The Parable of the Growing Seed – so called by Snodgrass1 – found in Mark 4:26-29 at first glance appears to present an image of a careless and maybe not very intelligent man who aimlessly throws seed around, naps during the growing season, and then harvests whatever happens to grow. First impressions, however, are not always best. On a deeper analysis, the parable reveals an image of humankind participating in the building of the kingdom of God and enjoying the bounty of God’s blessings once his kingdom has been fully realized. In this short parable, Jesus not only answers the question of why things do not seem to have changed too much at the Son of Man’s arrival, but also why his followers should work to build the kingdom they thought would appear in an instant.
When a parable of Jesus starts with “the kingdom of God is like a man” the parable is referring to the entire process found in the parable, not just the actions – or inactions – of the people in the parable.2 In their interpretation of this parable, many scholars have focused on the apparent inaction of the man who scatters the seed.3 I am not convinced that the man, who I see as a farmer, is inactive during the growing season. When the man “sleeps and rises night and day, and the seed sprouts and grows” the intent is not to say that the farmer lazily slept through the entire growing season without ever tending to his crop, but instead is a mark to show the passing of time from sowing to harvest.4 Once the seeds are planted in the ground by the farmer the earth does indeed germinate and feed the plant to maturity automatē (“of itself”), but this is hardly an uncommon, miraculous happening.5
Farmers and hobby gardeners alike know that a successful crop does not come to one who is lazy and inattentive. If several summer days pass without rain, the farmer knows he or she must water the crops. When weeds sprout amongst the grain, a farmer knows to remove them lest they steal valuable moisture and nutrients from the harvestable crop. This parable makes no mention of the man being absent during the growing season, so it is unfair to make such an assumption. Parables are intentionally brief and only give the details needed to make a point.6 The man was present at the planting of the crop and he was present at harvest time, so it is safe to assume he was present during the growing season.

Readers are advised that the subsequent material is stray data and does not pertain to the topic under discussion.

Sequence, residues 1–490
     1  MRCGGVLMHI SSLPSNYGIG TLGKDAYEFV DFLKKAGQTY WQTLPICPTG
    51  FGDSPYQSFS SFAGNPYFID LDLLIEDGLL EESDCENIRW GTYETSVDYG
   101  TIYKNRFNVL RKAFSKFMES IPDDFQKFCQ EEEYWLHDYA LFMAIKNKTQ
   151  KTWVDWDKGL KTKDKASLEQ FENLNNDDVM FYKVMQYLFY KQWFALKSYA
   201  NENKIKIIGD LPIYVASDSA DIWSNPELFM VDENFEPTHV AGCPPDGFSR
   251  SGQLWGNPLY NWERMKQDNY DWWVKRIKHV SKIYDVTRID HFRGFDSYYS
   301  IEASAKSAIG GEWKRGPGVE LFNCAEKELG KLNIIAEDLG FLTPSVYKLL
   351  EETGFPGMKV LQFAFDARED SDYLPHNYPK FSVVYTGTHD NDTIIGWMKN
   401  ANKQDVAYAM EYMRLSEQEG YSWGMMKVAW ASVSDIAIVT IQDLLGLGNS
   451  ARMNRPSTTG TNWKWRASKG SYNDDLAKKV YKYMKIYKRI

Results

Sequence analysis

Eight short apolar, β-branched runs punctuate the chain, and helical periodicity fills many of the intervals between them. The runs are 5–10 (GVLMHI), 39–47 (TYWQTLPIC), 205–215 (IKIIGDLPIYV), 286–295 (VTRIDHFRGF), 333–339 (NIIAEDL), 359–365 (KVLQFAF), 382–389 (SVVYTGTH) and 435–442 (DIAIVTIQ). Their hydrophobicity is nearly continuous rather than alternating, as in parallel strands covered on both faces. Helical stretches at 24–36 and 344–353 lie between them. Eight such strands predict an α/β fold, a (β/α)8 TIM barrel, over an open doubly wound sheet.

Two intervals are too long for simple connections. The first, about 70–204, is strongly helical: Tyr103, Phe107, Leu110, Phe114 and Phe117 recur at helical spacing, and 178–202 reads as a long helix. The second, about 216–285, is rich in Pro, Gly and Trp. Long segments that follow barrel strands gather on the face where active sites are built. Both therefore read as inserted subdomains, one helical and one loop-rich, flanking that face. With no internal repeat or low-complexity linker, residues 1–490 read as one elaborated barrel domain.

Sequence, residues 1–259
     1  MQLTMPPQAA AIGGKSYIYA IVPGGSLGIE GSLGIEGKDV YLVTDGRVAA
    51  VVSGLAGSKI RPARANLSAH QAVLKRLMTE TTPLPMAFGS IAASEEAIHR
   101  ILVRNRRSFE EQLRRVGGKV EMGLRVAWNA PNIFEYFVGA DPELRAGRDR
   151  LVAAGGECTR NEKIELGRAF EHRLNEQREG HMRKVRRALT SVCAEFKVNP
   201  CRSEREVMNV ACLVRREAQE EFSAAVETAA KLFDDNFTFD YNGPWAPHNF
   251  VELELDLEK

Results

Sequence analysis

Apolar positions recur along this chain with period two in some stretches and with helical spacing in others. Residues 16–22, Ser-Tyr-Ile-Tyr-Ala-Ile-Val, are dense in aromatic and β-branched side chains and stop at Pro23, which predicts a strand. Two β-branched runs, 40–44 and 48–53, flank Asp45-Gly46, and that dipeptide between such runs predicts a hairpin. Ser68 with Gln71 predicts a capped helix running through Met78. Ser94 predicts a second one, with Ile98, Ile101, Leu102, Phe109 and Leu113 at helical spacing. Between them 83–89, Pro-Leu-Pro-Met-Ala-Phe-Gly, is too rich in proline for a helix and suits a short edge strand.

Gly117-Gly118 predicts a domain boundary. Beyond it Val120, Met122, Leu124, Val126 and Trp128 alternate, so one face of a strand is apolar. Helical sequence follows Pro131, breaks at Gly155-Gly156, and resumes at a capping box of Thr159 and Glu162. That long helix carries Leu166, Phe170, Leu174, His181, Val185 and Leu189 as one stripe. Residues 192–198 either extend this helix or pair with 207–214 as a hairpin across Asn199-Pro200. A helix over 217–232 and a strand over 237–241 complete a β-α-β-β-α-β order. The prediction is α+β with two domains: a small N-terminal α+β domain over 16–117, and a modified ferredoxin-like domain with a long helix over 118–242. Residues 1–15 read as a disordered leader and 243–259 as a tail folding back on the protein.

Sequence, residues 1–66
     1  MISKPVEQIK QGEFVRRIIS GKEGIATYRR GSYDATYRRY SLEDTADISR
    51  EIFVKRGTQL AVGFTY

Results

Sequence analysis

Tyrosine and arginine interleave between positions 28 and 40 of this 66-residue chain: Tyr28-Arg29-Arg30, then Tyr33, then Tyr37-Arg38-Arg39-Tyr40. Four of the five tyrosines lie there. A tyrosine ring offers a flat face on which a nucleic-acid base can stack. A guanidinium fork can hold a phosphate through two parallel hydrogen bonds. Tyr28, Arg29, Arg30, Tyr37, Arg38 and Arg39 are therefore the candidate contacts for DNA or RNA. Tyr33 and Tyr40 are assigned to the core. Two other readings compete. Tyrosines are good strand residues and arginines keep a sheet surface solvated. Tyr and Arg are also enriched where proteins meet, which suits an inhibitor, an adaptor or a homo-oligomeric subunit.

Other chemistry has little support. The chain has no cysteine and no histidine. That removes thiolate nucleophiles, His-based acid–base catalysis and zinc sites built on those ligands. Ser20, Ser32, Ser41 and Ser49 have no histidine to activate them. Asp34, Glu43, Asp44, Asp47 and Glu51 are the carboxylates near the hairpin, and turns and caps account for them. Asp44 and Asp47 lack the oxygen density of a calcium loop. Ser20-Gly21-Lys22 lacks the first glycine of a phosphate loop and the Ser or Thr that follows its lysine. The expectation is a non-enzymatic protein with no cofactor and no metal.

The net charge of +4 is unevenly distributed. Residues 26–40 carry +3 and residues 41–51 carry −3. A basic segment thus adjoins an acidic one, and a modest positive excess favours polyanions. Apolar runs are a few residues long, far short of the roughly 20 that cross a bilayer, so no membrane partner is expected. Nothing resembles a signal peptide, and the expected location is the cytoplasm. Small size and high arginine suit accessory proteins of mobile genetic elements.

This parable is about sowing, tending to a growing crop, and harvesting the crop when the time is right. Many expected the arrival of the Son of Man and the in-breaking of the kingdom of God to usher in a time of judgment; a metaphorical harvest.7 The kingdom Jesus brought wasn’t like this. Jesus’ kingdom was present, but its full realization was into the future. His followers were metaphorically planting the seeds of his kingdom. Through God’s grace, the seeds planted by Jesus’ followers would automatē lead to a harvest – the full realization of the kingdom of God and final judgment. This could not be stopped. A farmer does not leave her or his field on its own. In the same way, the followers of Jesus are to work towards the building of God’s kingdom. Like an attentive farmer, the followers of Jesus will be rewarded for their work by the fruits of a bountiful harvest.
Klyne Snodgrass, Stories with Intent: A Comprehensive Guide to the Parables of Jesus (Grand Rapids, Mich: William B. Eerdmans, 2008), 179.